When I was a kid, I had an imaginary friend named Elizabeth. She lived in a brownstone in New York City, not unlike the houses on Sesame Street, with her four brothers and sisters and her parents. Elizabeth and I had many, long conversations about life: she’d tell me about the adventures her family experienced—an urban Swiss Family Robinson—while I told her all about life in the suburbs. I don’t remember when she stopped being a fixture in my life, but, during those early years, she was a dear and close friend.
I was pleasantly surprised then, when, a few months ago, my kids started talking about their imaginary friends. I researched it a bit and found writing (including this post) that indicated having imaginary friends is a healthy part of childhood. So, I’ve embraced this latest development in raising kids, encouraging R and G to write and tell stories about their imaginary friends.
Since these are the sorts of memories parents forget as their children age, and since I was fascinated by the creatures my kids had come up with, I decided to interview R and G for Red Shutters about their imaginary friends. G went first.
G explained that her imaginary friend, a rainbow unicorn, named Lily is two-and-a-half years old and lives with us in our house. Lily is magical and can turn G into a fairy whenever she wants. Lily tells G secrets about fairies that G cannot tell anyone else.
Lily sleeps with G in her bed at night and “does not snore.” Her favorite food is G’s nose. “Wait, no,” G corrected. “Her favorite food is nothing; she doesn’t eat anything.”
While G is at school, Lily plays with the other friends who live in G’s room: her stuffed animals, called “loveys,” Princess Leia (a lavender unicorn), Share (a Care Bear), and Octopus (a pink dolphin).
As I interviewed G for this post, Lily, she explained, was sitting on her head. G then stretched out her arms to about three feet wide to show how big Lily was.
After all of her explanations, G said, “Actually, Lily is a cat. She can turn herself into a cat. You want to see her?”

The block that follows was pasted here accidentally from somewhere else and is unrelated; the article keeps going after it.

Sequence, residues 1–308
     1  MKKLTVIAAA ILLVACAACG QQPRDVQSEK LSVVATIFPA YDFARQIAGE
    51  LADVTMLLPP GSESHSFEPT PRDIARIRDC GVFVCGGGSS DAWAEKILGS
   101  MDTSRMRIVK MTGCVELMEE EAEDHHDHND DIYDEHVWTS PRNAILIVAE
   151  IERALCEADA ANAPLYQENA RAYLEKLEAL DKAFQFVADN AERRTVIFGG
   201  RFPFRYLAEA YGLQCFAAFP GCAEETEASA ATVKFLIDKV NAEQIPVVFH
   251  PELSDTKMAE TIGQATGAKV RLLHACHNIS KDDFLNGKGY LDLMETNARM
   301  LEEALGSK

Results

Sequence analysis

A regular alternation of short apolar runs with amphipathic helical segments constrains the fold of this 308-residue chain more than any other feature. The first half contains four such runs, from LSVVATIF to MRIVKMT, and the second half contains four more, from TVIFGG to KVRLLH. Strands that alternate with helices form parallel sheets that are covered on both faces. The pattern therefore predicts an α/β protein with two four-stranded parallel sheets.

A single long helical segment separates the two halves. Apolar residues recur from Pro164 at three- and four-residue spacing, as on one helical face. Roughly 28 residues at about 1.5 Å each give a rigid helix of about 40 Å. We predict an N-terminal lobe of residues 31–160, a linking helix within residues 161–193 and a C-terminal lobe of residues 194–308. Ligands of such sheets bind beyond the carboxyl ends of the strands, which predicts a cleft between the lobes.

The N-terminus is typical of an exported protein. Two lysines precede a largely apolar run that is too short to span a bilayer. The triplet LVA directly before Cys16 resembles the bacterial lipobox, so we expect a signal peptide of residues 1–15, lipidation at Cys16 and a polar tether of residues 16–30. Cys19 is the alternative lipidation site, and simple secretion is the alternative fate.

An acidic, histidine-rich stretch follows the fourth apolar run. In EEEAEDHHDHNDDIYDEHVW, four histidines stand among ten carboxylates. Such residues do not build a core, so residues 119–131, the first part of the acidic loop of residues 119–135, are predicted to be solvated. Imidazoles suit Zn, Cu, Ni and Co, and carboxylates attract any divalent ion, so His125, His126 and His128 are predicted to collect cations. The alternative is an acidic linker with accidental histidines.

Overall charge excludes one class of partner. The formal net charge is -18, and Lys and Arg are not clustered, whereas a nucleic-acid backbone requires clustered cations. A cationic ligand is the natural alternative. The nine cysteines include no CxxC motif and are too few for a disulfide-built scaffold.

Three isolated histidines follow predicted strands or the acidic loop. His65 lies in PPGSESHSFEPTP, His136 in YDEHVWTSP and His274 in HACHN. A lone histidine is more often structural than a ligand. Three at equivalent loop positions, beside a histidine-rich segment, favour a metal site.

“Yes,” I replied eagerly.
“Do you want to see her change back into a unicorn?” she asked.
As I nodded, she changed her mind. “Well, I’m not really sure you can.” And then she skipped away.
R’s interview was next, and he was happy to talk about his imaginary friends—emphasis on the plural.
“One is a Komodo dragon named Freddy. Another is a dog named Max. The last one is a lizard and his name is…” he paused while he considered his options. “His name is Frank.”
I inquired about their activities while he’s at school. He promptly answered, “They sleep with my snugglies (his stuffed animals). They eat. The Komodo dragon eats gazelles. The dog usually eats dog food. And the lizard… I leave him a surprise lunch. It’s usually bugs, flower nectar, or worms. Today, I’m trying out something new with him; I am going to give him fruit.”
“They fight each other sometimes but the Komodo dragon never bites,” he continued. “When I come home, they run up and they lick me. When I am asleep, they sort of tickle me with their tails. The dog licks my face.” He giggled, his face shining with happiness, and then he demonstrated how Frank licks him, laughing even harder.
“I give them dinner usually. I give them vegetables, lots of vegetables. The Komodo dragon is 25 feet long because I gave him so many vegetables. The dog is 19 feet, and the lizard is—how long is this?” he asked, holding up a piece of paper.
“About a foot,” I replied.
“The lizard is about a foot,” he said with a nod of his head.
“Why do have you three imaginary friends?” I asked.
“Because I like them!” he said, as if the answer should have been obvious. And then he went back to his Legos.
While Lily doesn’t have any siblings, she does play with R’s imaginary friends, her pseudo brothers, though R denies any interaction between the imaginary residents of our home. (“My imaginary friends don’t like unicorns,” R explained emphatically. “Plus they are too busy to play.” Doing what? I am not sure; perhaps eating gazelles.)
R and G understand that Lily, Freddy, Max, and Frank aren’t real. They enjoy incorporating these friends in their playtime and make believe games, and I enjoy watching their brains at work, creating and imagining. If R starts asking me to buy dog food… well, then, I may rethink this!